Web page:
Wall Street Times

TikTok to opt for potential ban in US over sale

Image Commercially Licensed from: Unsplash
Image Commercially Licensed from: Unsplash

TikTokTrump threatened TikTok’s Chinese owners with a ban years ago if they did not sell the company to US investors.

While the company escaped a similar calamity, a similar issue approaches it in 2023.

The news

TikTok CEO Shou Zi Chew will speak before US lawmakers on Thursday, some of whom have started demanding for the app to be banned in the nation.

They reasoned that TikTok posed a national security risk, forcing a sale possibility to rise once more.

Analysts and specialists, on the other hand, believe that a complete divestiture is no longer a possible option.

They allege that the Chinese government deems TikTok technology to be critical.

Since 2020, they have also worked to ensure that the corporation can refuse potential transactions from its Beijing-based owner, ByteDance.

Another concern is the possession of TikTok’s algorithms and the massive data obtained from its 150 million American clients.

Chinese officials

For example, content recommendation algorithms are crucial to the Chinese government’s national interests.

In December, officials suggested tighter restrictions on the sale of the technology to overseas bidders.

Kaiyuan Capital’s chief investment officer, Brock Silvers, remarked on Beijing and the TikTok acquisition.

“Beijing will have no say in the US decision to mandate the sale of TikTok, but it will retain the ultimate approval authority over such a sale.”

“It also seems extremely unlikely that Beijing will accept any deal that removes TikTok’s algorithm[s] from its direct control and regulatory authority.”

The algorithm

TikTok’s algorithms are critical to the app’s success since they keep users intrigued.

The system recommends films based on the user’s interests and activity, recommending movies they enjoy viewing.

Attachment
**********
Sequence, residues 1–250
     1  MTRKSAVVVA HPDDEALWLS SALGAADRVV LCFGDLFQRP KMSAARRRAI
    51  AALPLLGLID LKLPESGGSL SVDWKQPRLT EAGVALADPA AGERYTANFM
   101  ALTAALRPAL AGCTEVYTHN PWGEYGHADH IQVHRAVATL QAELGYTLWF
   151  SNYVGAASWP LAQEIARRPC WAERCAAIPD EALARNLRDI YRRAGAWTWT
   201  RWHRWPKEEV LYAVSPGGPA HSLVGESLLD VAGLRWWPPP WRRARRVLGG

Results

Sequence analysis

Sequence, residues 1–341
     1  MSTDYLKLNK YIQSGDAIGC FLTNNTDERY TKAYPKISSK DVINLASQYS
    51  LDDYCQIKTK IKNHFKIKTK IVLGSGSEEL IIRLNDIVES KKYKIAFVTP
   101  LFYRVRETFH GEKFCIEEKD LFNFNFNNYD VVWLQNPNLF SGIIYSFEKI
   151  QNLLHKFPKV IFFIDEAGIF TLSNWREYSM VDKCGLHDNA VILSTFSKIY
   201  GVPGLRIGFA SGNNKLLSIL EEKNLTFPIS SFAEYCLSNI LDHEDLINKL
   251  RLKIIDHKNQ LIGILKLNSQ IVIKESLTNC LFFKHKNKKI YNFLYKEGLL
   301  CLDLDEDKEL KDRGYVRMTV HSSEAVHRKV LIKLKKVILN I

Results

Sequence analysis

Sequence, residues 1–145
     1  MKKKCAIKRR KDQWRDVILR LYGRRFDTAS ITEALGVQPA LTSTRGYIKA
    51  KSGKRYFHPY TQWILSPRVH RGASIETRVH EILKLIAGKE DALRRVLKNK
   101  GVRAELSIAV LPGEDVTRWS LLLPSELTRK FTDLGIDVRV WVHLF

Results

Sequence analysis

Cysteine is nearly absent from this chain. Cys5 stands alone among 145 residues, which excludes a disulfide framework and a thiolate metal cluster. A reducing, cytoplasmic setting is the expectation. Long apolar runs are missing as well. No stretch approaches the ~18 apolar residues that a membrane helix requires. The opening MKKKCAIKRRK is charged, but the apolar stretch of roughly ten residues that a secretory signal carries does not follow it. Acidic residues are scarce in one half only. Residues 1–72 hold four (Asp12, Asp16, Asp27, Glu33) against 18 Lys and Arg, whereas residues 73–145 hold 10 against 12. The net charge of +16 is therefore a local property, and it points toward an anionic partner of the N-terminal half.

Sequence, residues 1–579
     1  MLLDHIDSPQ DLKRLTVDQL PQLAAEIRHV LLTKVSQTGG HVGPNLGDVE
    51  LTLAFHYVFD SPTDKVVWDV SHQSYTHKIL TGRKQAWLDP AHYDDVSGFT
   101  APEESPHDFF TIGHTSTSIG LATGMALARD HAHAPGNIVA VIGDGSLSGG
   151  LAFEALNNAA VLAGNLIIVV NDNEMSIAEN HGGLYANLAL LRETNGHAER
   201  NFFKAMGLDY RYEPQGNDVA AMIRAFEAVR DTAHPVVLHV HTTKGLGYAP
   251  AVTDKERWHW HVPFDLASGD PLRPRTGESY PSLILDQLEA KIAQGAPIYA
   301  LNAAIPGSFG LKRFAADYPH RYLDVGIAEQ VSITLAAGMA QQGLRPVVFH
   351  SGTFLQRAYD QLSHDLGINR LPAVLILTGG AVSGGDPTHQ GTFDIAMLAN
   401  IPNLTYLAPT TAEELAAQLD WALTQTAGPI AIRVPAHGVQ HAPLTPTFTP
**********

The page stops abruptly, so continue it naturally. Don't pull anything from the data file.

In August 2020, Chinese officials put the algorithms on the prohibited list of technology.

The Trump administration was already planning to ban TikTok unless it was sold.

Notwithstanding this, a remark from a trade professor at the University of International Business and Economics was published in official Chinese media.

According to Cui Fan, the scholar, the increased limits meant that ByteDance would require a Beijing authorization to monetise the technology.

“Some cutting-edge technologies might impact national security and public welfare, and need to be included in [export control] management,” said Cui Fan.

TikTok’s proposed 2020 sale to Oracle and Walmart was halted when Beijing put the algorithm to its export restriction list.

The Trump-era rule targeting TikTok was ultimately rescinded by the Biden administration.

Instead, they substituted a wide mandate for researching foreign rivals’ technologies.

Read also: Bard: Google’s latest AI chatbot that understands and responds to natural language queries

The spotlight again

While they were pleased to be out of the political limelight, the corporation became entangled in the geopolitical conflict between China and the US.

The Hinrich Foundation’s Alex Capri noted:

“The TikTok hearings in the United States mark the beginnings of a regulatory meat-grinder facing all [Chinese] tech companies.”